Mass tourism & Tourism in Jamaica case study

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Mass tourism & Tourism in Jamaica case study

Mass tourism

Mass tourism definition

Mass tourism involves a large number of tourists coming to a particular destination. For a destination to be so popular, there must be a particular purpose or type of attraction, examples of the types of attractions mass tourism resorts offer can be physical, such as mountains, beach and climate, or cultural, such as museums, castles and restaurants. Many countries want to develop mass tourism, as it is seen to have many advantages, which outweigh the disadvantages. 

Figure 1: Cultural and physical pulls of Italy, in the form of restaurants, castles, mountains and beaches. These pulls encourage mass tourism.

Mass tourism advantages & disadvantages

Figure 2: Locals visit Blackpool pleasure beach


Tourism brings jobs, with more, reliable and often larger wage. These jobs come in the form of construction workers, building infrastructure put in place for tourists or jobs in tourist services, working in restaurants, theme parks or museums etc.

New infrastructure (eg: airports, hotels, theme parks) or leisure facilities (eg: swimming pools, golf courses, theme parks) put in place for tourists benefit locals.


Activities are often seasonal, so jobs are only available to locals for part of the year, people would become unemployed and earn nothing for the rest of the year. Skiing and Sun-bathing are seasonal.

Figure 3: Skiing and sunbathing in Italy are seasonal

Industry is dominated by large travel companies, who sell package holidays by brochure or internet.

Mass tourist destinations do not appeal to wealthier groups of people, rather to lower-income and middle-income tourists.

Higher-salary jobs are taken by people who developed the resort; few local employees are well paid, taking worse jobs.

Mass tourist countries are often in lesser stages of development, so most profits go to richer investing countries; these profits that go to the investing countries do not benefit the host country, making development difficult.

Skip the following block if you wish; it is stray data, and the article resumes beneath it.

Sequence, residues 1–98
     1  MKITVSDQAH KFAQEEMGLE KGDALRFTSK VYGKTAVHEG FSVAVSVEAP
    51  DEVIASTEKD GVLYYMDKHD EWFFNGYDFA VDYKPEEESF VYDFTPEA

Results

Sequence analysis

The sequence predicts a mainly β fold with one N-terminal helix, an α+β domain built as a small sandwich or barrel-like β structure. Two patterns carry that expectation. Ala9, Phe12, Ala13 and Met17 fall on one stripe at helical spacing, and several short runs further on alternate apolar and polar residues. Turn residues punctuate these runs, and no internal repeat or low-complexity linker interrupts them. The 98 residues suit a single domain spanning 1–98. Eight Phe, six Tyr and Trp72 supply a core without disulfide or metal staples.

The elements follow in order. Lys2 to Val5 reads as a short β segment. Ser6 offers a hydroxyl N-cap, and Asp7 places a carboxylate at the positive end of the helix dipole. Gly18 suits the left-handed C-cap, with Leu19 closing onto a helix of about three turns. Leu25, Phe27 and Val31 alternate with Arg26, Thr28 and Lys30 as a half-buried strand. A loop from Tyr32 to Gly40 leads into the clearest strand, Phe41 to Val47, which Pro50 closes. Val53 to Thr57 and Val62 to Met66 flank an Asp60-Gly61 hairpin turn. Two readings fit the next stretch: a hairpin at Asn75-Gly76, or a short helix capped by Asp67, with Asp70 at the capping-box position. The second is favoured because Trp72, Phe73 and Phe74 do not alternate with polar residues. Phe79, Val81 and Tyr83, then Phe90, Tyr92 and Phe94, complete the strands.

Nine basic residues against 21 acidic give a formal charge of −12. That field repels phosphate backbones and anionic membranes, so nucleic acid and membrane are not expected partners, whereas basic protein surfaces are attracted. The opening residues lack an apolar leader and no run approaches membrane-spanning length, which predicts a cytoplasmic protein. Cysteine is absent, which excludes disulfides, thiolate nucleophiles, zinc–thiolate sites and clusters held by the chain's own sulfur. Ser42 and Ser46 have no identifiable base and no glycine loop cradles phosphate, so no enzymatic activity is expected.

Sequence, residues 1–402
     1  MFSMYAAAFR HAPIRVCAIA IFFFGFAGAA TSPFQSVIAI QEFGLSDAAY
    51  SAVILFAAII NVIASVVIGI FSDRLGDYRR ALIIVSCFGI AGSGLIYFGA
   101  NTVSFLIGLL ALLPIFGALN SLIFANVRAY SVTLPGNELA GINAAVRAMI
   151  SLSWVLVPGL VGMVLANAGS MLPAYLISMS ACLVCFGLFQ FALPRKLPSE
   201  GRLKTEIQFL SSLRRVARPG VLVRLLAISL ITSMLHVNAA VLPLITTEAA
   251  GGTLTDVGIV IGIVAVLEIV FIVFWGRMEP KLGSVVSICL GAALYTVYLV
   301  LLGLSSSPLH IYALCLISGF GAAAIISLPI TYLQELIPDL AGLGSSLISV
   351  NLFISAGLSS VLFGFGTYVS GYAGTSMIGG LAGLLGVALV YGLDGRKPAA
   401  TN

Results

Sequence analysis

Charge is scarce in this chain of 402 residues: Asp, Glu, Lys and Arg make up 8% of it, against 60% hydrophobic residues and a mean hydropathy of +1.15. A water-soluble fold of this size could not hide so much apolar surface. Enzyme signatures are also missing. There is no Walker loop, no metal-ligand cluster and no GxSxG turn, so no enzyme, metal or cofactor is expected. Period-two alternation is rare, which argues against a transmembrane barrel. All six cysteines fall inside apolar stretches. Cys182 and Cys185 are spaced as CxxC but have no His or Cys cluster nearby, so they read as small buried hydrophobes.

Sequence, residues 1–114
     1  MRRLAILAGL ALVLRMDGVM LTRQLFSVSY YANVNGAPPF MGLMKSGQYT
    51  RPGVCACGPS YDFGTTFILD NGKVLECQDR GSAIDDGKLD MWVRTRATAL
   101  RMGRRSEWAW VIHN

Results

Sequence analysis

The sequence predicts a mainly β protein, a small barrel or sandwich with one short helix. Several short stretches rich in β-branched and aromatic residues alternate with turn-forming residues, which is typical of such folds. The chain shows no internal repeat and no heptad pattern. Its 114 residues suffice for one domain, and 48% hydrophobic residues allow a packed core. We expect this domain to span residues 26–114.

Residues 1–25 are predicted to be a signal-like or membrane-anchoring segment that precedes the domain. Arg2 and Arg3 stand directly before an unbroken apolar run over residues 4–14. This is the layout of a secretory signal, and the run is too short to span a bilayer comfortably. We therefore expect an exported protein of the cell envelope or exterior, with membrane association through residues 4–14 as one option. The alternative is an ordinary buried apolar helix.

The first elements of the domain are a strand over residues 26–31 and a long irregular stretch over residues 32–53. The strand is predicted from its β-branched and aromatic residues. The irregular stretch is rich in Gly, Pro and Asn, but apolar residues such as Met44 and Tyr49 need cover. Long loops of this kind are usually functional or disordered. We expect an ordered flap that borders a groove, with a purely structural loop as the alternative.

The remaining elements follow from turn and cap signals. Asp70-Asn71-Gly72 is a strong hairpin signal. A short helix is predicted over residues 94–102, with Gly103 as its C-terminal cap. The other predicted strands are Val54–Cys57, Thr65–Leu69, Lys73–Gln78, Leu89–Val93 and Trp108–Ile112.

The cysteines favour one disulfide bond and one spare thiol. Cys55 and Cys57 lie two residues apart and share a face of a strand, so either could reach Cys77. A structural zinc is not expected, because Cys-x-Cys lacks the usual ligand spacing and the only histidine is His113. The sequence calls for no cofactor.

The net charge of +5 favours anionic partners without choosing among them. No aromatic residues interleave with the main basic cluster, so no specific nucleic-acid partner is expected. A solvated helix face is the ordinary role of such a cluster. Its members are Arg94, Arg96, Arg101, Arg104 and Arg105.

Local farmland is used instead for tourism. The increased demand for food accompanied by tourism cannot be provided by local produce, because the farmland has been bought, so the produce and profit is not local, this means the local economy does not benefit as much as it could. On top of this, the kinds of people attracted by mass tourist attractions often prefer familiar food, rather than local food, so food is imported, instead of bringing local profit.

Locals may not benefit from facilities and infrastructure designed for tourists, as it may be costly or unavailable to locals.

Tourism in Jamaica

Importance of tourism to Jamaican people and economy

Tourism is the country’s second biggest earner, raking in US$1.3 billion in 2001, this contributes 20% of the country’s GDP, with 1,322,690 tourist arrivals in 2001, this makes a tourist expenditure of US$931 per person. 220,000 Jamaicans (8% of the population) work directly in the tourist sector, many more benefit from it and rely on it, for example, if they produce food for visitors and hotel providers. The plantation houses show that Jamaica provides some of the food produce tourists need; this means it makes more profit.

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Figure 4: Tourist attractions of Jamaica

Tourist attractions of Jamaica

Cruises sometimes stop in Jamaica, in 2002, there were 865 cruise ship arrivals. There is no shortage of facilities available to tourists; in 2002, there were 14,388 rooms available to tourists. Jamaica is famous for the large amount of water sports it offers. The wildlife sanctuaries are also popular. Golf is becoming increasingly popular and common in Jamaica. As you can see on Figure 4, there are many beaches and bathing areas, on the coast of the main tourist areas, and all around the coast, as you would expect in ...

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